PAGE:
Prevalence and clinical characteristics of insulin-treated, anti-GAD-positive, type 2 diabetic subjects in an outpatient clinical department of a Dutch teaching hospital.
SourceNetherlands Journal of Medicine, 64, 4, (2006), pp. 114-118
Article / Letter to editor
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Netherlands Journal of Medicine
SubjectEBP 3: Effective Primary Care and Public Health; N4i 1: Pathogenesis and modulation of inflammation; N4i 2: Invasive mycoses and compromised host; NCMLS 1: Infection and autoimmunity; UMCN 4.1: Microbial pathogenesis and host defense; UMCN 5.1: Genetic defects of metabolism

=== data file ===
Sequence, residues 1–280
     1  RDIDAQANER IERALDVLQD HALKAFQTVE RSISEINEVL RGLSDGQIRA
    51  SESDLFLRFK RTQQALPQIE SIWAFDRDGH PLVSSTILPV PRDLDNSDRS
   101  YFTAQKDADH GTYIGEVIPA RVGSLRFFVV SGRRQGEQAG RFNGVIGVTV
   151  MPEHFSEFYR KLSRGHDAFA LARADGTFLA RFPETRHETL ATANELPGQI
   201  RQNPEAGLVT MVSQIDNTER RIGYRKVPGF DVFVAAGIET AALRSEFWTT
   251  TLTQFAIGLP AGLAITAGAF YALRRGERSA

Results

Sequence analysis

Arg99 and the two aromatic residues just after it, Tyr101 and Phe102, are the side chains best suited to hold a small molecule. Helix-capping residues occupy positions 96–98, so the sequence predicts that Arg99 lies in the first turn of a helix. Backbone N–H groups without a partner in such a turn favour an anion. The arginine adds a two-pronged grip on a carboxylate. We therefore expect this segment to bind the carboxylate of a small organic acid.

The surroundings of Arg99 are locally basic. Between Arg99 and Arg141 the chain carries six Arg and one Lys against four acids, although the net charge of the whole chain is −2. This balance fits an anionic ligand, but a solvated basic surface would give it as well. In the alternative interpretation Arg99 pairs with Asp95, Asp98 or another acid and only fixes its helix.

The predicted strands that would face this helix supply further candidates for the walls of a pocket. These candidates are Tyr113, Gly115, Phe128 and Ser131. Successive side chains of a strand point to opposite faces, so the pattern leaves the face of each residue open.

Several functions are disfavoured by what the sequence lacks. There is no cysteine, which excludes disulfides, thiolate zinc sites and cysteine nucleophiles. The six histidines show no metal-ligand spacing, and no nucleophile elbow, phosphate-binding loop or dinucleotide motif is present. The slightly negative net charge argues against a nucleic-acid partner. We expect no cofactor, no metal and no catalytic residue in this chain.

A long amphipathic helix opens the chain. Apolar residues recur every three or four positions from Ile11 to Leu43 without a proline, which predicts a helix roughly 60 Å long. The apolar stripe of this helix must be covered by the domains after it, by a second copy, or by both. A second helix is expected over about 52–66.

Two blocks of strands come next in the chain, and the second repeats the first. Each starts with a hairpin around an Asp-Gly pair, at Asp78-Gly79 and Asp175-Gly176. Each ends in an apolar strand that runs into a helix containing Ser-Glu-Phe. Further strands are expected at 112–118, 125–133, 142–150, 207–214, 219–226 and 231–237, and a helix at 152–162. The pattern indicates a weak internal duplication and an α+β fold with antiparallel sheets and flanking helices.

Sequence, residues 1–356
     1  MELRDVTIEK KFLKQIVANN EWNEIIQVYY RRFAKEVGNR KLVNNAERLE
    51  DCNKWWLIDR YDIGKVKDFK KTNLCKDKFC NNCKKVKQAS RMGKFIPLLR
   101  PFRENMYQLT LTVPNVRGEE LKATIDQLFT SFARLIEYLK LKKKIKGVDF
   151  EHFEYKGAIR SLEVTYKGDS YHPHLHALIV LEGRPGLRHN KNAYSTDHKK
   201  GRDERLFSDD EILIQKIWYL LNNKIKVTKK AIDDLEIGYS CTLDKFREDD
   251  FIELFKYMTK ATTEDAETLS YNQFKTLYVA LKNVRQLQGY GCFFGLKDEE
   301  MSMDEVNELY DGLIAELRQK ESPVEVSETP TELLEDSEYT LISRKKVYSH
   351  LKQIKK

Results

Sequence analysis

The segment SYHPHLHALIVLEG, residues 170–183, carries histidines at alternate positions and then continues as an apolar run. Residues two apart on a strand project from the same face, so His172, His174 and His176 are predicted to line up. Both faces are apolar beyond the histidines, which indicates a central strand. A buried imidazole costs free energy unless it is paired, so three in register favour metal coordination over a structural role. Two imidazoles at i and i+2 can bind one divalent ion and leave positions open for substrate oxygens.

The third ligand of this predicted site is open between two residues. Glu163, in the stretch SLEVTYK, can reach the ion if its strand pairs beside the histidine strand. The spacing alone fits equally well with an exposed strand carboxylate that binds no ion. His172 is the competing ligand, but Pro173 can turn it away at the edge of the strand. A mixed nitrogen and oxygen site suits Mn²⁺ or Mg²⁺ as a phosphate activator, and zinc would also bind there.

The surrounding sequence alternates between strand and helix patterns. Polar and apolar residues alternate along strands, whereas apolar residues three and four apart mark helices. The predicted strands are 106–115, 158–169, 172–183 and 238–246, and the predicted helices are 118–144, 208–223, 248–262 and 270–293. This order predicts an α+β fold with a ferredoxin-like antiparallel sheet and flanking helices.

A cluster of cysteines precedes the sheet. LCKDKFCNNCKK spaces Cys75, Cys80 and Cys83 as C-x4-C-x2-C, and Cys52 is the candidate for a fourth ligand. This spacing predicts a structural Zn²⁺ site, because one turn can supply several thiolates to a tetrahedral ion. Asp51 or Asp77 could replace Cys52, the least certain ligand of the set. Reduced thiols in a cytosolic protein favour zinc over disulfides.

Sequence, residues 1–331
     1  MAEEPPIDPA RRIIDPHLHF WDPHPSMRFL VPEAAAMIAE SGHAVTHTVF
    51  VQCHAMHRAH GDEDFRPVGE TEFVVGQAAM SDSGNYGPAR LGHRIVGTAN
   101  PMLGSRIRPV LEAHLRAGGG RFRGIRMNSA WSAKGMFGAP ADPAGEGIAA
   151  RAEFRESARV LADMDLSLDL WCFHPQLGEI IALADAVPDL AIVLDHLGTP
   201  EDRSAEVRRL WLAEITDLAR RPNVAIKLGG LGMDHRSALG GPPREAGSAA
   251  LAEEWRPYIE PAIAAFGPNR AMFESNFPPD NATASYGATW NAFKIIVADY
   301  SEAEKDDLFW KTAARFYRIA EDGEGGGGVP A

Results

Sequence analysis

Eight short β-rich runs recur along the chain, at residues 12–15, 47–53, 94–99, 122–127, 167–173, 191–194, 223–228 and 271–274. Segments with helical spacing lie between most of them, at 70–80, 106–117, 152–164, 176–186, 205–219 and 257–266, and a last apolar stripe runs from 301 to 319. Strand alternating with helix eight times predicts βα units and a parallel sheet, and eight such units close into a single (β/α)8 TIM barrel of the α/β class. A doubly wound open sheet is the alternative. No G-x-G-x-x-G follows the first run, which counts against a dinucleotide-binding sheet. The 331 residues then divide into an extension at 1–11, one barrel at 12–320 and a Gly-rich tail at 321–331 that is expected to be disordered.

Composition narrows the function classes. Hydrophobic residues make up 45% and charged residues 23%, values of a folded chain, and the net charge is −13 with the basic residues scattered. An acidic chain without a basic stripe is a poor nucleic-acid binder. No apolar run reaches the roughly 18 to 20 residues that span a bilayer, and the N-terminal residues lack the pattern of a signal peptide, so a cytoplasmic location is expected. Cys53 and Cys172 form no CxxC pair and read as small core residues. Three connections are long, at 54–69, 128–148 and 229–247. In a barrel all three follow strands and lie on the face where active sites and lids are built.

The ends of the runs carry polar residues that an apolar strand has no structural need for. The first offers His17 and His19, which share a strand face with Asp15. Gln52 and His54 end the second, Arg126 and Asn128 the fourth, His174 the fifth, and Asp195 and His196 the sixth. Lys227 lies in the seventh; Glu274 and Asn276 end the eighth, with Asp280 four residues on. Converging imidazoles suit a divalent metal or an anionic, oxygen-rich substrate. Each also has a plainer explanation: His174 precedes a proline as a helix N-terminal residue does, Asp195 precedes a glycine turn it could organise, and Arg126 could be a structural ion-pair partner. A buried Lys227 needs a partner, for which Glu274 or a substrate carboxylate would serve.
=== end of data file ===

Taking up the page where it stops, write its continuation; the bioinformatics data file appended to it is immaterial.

BACKGROUND: In clinical practice, type 1 and type 2 diabetic patients are sometimes difficult to distinguish. Type 1 diabetes has an immune-mediated pathogenesis, resulting in a loss of insulin-secreting beta-cells. Type 2 diabetes mellitus is characterised by a relative insulin insufficiency, without the presence of an autoimmune aetiology, initially due to insulin resistance and later also accompanied by defective insulin release. Latent autoimmune diabetes of the adult (LADA) is a subgroup of diabetes, somewhere on the borderland between type 1 and type 2 diabetes. LADA is characterised by a late-age onset and relatively mild progression, but with unmistakable signs of autoimmunity, such as the presence of the autoimmune antibodies anti-GAD65, anti-insulin antibodies, or anti-Ia-2ab. OBJECTIVE: To establish the prevalence of anti-GAD ina diabetic outpatient clinic of a Dutch, non-university,teaching hospital and to describe these patients clinical and laboratory features, especially of the metabolic syndrome. METHODS: We evaluated GAD65 antibodies and other parameters in 244 selected diabetic patients, who had been on oral therapy for at least three months before becoming insulin-dependent. RESULTS: Twenty-six patients (11.6%) were positive for GAD65 antibodies. These patients had a significantly lower BMI (27.8 +/- 4.5 vs 31.1 +/- 4.9; p<0.01); less often cerebrovascular accidents (19.2 vs 34.9%; p<0.01) and a higher HDL cholesterol (1.73 +/- 0.53 vs 1.21 +/- 0.38; p<0.05). In contrast, anti-GAD patients had a significantly higher prevalence of hypothyroidism (23.0 vs 6.6%; p<0.05). CONCLUSION: Anti-GAD-positive patients represent a sizable proportion of type 2 diabetes in a second-line outpatient clinic, and they are characterised by lower parameters of the metabolic syndrome, but higher prevalence of other autoimmune phenomena such as hypothyroidism.
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